By Jaime C. Laya
There is great interest in cultural heritage judging from the size of advocacy organizations like the Heritage Conservation Society and ICOMOS Philippines, and Facebook groups such as Ancestral Houses in the Philippines (AHP) that had 65,906 members the last time I looked. They have been instrumental in the enactment of the Heritage Act and local ordinances, in preventing the demolition of notable structures, and in spreading heritage awareness.
The bahay na bató and Spanish Regime churches tend to be equated to Philippine cultural heritage and some probably assume that imposing 19th and early 20th century houses, like those at Las Casas Filipinas de Acuzar in Bataan, were the norm. The average haves and certainly the 19th century poor had nothing like those—they would not even have been allowed upstairs.
I suppose it’s natural to imagine one’s great-greats as riding in caruajes, sleeping in Ah Tay four poster beds, and wearing piña finery. Note, however, that unless cousins married cousins, we each have four grandparents, eight great-grandparents, etc. Go back seven generations—to about 1850—and you could have 128 antepasados, among them possibly not only an ilustrado, a gobernadorcillo, and a Padre Dámaso, but also a Chinese peddler, farmers and fishermen, cochero and jueteng collector, or as police archives may reveal, carabao rustlers. Lifestyles would obviously have been different among them and from ancestors of other generations.
The mid-20th century middle class lifestyle is what I experienced. My parents were public school teachers and, in the early 1940s—during the Japanese Occupation when I was growing up—our family’s lifestyle was nothing close to that of those who lived say on Dewey Boulevard, Aviles, or Broadway or, I assume, of those in crowded Palomár and Leveriza.
We had none of the things we now take for granted—telephone, TV, refrigerator, air conditioning, computer, washing machine, gas or electric stove. On the other hand, we had a narra French Provincial sala set and an upright piano.
Between the sala windows was a radio that aired soap operas before noon for the lolas and me (Gulóng ng Palad and Ilaw ng Tahanan) and classical music at 3 p.m. There were books all over, on English literature (Tatay’s), history (Nanay’s), an illustrated encyclopedia and story books (for me), Tatay’s guidebooks brought home from abroad, and awit and corrido, his research interest.
The sala was where we slept, on mats spread on the floor. The windows had no grilles and were closed at night but the ventanillas were left open. Daytime, pillows, mosquito nets, mats, and blankets were cleared away in the cuarto. A charcoal-heated plancha (an electric iron came later) kept our clothes neat and whoever ironed had to watch out for ashes and sparks.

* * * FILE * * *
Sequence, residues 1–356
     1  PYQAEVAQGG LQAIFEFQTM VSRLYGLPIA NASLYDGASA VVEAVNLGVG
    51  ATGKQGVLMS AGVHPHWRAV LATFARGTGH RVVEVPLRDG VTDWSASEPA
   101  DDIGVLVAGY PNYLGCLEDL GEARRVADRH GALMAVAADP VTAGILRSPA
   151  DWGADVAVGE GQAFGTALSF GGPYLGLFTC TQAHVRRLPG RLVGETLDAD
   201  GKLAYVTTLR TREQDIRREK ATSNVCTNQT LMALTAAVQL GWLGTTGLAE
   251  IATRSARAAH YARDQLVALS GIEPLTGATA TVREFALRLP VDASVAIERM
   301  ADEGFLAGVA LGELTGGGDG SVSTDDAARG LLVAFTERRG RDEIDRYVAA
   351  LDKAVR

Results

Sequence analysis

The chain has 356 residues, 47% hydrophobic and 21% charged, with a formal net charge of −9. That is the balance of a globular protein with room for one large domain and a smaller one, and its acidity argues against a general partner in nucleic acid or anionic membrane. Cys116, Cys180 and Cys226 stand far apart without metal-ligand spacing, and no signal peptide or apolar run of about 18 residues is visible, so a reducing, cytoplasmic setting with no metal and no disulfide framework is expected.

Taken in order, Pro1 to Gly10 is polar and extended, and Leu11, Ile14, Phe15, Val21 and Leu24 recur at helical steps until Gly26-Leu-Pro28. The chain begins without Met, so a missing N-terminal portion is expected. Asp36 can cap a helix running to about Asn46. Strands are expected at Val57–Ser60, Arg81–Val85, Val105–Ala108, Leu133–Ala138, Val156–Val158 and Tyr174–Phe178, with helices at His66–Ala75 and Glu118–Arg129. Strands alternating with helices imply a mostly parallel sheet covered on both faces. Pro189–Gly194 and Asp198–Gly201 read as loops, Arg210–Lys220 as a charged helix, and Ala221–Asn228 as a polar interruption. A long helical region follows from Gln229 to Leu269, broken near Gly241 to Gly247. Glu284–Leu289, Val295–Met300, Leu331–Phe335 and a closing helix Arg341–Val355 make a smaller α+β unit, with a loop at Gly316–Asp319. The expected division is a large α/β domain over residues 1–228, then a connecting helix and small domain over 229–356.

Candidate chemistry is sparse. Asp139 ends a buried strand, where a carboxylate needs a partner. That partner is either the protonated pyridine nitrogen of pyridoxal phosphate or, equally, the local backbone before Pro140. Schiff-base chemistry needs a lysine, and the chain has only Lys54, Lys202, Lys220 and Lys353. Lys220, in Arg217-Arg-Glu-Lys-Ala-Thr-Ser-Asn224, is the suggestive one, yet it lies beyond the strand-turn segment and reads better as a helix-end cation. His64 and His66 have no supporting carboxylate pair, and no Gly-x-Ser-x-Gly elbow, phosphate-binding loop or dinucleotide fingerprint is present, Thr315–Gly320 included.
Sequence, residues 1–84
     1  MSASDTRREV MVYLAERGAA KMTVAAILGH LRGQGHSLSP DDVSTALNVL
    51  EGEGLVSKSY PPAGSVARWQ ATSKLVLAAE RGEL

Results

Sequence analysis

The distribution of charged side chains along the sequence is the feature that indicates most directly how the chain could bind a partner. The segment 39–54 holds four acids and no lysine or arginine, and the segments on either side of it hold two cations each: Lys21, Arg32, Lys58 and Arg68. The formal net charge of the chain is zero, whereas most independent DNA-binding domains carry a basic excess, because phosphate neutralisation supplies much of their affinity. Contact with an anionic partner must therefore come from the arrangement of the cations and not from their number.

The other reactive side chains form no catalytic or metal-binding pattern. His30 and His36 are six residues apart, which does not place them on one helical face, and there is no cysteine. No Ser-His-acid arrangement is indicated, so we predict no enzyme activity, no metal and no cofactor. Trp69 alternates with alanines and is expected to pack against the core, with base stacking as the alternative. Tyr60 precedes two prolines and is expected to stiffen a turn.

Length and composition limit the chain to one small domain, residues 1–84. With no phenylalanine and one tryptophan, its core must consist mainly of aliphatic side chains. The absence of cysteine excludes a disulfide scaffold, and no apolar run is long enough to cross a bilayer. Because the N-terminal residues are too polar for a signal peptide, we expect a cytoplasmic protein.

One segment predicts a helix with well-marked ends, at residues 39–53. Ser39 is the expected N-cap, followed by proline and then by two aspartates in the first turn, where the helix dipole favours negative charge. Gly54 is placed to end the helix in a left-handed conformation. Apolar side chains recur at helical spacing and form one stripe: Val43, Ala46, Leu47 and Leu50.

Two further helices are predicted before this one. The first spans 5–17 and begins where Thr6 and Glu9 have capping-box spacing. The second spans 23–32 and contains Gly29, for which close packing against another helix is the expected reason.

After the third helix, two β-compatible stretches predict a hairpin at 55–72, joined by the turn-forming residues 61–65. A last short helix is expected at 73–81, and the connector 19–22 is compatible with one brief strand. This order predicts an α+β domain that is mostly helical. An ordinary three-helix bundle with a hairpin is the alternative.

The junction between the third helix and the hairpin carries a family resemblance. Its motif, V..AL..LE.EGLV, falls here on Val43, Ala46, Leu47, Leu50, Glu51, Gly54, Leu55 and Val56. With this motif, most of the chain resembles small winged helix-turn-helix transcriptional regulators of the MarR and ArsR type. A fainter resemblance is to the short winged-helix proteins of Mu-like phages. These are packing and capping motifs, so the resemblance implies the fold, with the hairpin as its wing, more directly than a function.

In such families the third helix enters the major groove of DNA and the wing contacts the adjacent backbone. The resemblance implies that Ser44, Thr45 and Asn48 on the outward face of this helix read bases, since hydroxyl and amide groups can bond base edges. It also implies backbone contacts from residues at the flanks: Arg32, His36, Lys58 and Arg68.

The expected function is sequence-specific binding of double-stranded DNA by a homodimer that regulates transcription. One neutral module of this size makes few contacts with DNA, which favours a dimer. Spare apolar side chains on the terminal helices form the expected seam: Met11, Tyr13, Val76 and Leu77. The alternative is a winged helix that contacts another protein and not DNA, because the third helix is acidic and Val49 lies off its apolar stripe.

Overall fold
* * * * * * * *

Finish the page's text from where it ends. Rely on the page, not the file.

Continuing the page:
Without a refrigerator, Lola Trining marketed daily at Blumentritt. Cooking was on wood-fired kalán, fed with tatal, wood roughly cut in flat rectangles and bought bundled. Instead of lighters, there were matches that came in small boxes. At some point, Tatay got an electric stove that had an earthenware base and exposed wire coils that quickly turned red-hot.
The oven was a portable metal box plunked on top of that fire hazard of an electric stove. Its first product was a memorable Nanay-baked sponge cake with caramel icing.
When the neighborhood’s first refrigerator arrived, the neighbor’s daughter, a playmate, exclaimed dramatically to envious us, “Ay, Diós ko, ang lamig ng tubig.” It didn’t take much to make us happy.
The dining table was set against a wall and there were benches on two sides. Leftovers were stored in the paminggalan, an upright cabinet with slatted doors and sides for ventilation. It stood on saucers filled with oil to foil ants and other crawlies. Eating out was not our style.
It was a red-letter day when we had palitáw or ginatán. For that, we had a heavy round stone with a hole dead center on a base that had a canal along the edge leading to a funnel, called giliñgan. The starchy rice variety malagkít was soaked in water and fed gradually into the hole while the stone was turned by hand. The resulting watery mixture was then poured into a flour bag and pressed overnight under the round stone. It was rice dough the following morning, ready to be made into palitáw and biló-biló. My unending frustration was how carefully shaped boats, snowmen, cats, and houses ended up as shapeless globs in the ginatán.
Philippine cultural heritage is not only about Capitan Tiago and María Clara and their bahay na bató, Paulita Gomez’s glittering wedding feast, San Diego’s fiesta procession of ivory-headed santos, and the convento of Padre Salvi. It is also about modest homes and lifestyles of maestros, the book-filled home of Pilosopo Tasio, Salomé’s dovecote and humble lakeside home, and the hovel where Sisa raised her two sacristans. It’s also about Sama-Bajau homes on stilts over the water, Ivatan stone houses, the Ifugao bale and alang (granary), the Maranao hierarchy of homes—torogan for the nobility; malaa-walay, large houses for the wealthy; and lawig, the small houses of ordinary people.
Our cultural heritage is not only about bahay na bató life, but also about our cultural minorities and the simple ways of the lowland majority who made the Philippines what it is.
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